Republican Sen. Rand Paul attacked his fellow Kentuckian, accusing him of trying to undermine newly minted President Johnson and arguing that the conservative base will reject McConnell’s approach.

“I think he’s wrong,” Paul told CNN. “I think if you contrast it with his opinion during the debt ceiling agreement, it was like we don’t intervene, we have to wait and give the House space, here it’s more or less the opposite approach.”

Paul also said he supports Johnson’s move to rescind $14.3 billion in IRS enforcement funds to pay for a standalone bill to fund Israel, adding that he believes the Senate’s top Republican is “trying” to hurt Johnson. .

“I think he’s trying, and I think it’s a mistake because it’s also a challenge to most conservatives in the party,” Paul told CNN. “So I think McConnell’s position is very, very unpopular in Kentucky but also very, very unpopular in the United States, and I think it will ultimately fail or bring down the speaker, which I don’t think is a good idea.”

Sen. Rick Scott, a Florida Republican who challenged McConnell as minority leader last year, also said he believes the Senate should follow the House GOP’s lead and “not undermine” the newly elected president.

“We have a Republican majority in the House and so we should listen to the way they want to do it,” he said. “I understand that President Johnson has been clear. He is not going to combine aid to Ukraine with aid to Israel. And I completely agree with him.”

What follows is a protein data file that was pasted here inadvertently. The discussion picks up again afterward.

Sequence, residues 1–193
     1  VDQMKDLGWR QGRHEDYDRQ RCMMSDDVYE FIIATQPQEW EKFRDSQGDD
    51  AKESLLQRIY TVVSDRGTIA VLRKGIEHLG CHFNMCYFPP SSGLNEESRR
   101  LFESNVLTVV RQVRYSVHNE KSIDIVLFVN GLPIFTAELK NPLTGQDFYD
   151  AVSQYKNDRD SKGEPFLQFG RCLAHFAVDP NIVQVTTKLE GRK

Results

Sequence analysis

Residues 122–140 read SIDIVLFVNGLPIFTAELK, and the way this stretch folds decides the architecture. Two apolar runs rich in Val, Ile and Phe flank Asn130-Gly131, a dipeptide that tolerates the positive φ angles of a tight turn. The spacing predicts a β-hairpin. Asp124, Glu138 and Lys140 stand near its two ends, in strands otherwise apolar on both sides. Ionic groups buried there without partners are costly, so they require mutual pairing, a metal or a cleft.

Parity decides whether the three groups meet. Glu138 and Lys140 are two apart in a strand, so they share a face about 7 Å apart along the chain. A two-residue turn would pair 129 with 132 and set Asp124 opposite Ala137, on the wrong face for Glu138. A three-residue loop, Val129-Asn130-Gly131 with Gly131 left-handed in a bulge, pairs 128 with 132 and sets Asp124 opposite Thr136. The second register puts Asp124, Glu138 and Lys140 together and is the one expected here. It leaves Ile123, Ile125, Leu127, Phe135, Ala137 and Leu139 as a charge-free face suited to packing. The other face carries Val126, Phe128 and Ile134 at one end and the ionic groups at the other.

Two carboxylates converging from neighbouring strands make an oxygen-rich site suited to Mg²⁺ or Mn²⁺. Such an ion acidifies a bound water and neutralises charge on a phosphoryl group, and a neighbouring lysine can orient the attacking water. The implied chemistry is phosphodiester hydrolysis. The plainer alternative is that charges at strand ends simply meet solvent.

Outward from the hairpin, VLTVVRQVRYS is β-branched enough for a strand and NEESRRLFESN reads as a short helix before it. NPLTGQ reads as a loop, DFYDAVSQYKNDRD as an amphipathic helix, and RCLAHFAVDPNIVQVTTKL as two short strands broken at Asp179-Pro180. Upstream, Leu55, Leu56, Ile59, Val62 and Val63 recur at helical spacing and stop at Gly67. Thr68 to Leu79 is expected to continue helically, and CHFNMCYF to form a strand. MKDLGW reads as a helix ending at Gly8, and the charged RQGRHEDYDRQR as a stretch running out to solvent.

Freshman Sen. Eric Schmitt, R-Mo., agreed that in his view, McConnell’s push to merge the two issues is misguided.

“I don’t think they should be linked and we should separate them,” he told CNN. “There is a growing sentiment in our conference to do that.”

Republican Sen. Josh Hawley, also of Missouri, criticized McConnell’s push for aid to Ukraine to also be included in the supplement, calling it a “mistake.”

“I think it’s notable that he’s siding with Schumer against the Republicans,” he told CNN.

While the Senate GOP has remained divided on the issue, Senate Democrats have been in unison as they sound the alarm. Schumer on Tuesday mocked the House bill as “insulting” after telling CNN on Monday that Johnson’s push to include spending cuts makes aid to Israel “much harder to pass.” in the upper house.

Schumer said he is disappointed by Johnson’s bill that includes no funding for Ukraine but cuts IRS funding, suggesting the president should have learned from the failures of his predecessors and insisting that “emergency foreign aid should not be be compensated.”

“Recipe for disaster,” Connecticut Sen. Chris Murphy said of the GOP approach. And Sen. Joe Manchin, D-West Virginia, said Monday that the GOP push to separate the two issues was a “mistake.”

Sen. Chris Coons, a close ally of President Joe Biden, also attacked House Republicans’ plan to offset funding for Israel, arguing that it will “reduce revenue” in the long run.

“President Johnson’s top priority as president is providing aid to Israel and cutting federal government revenue. “It doesn’t seem like a big deal to me,” he said.

CNN’s Haley Talbot and Kristin Wilson contributed to this report.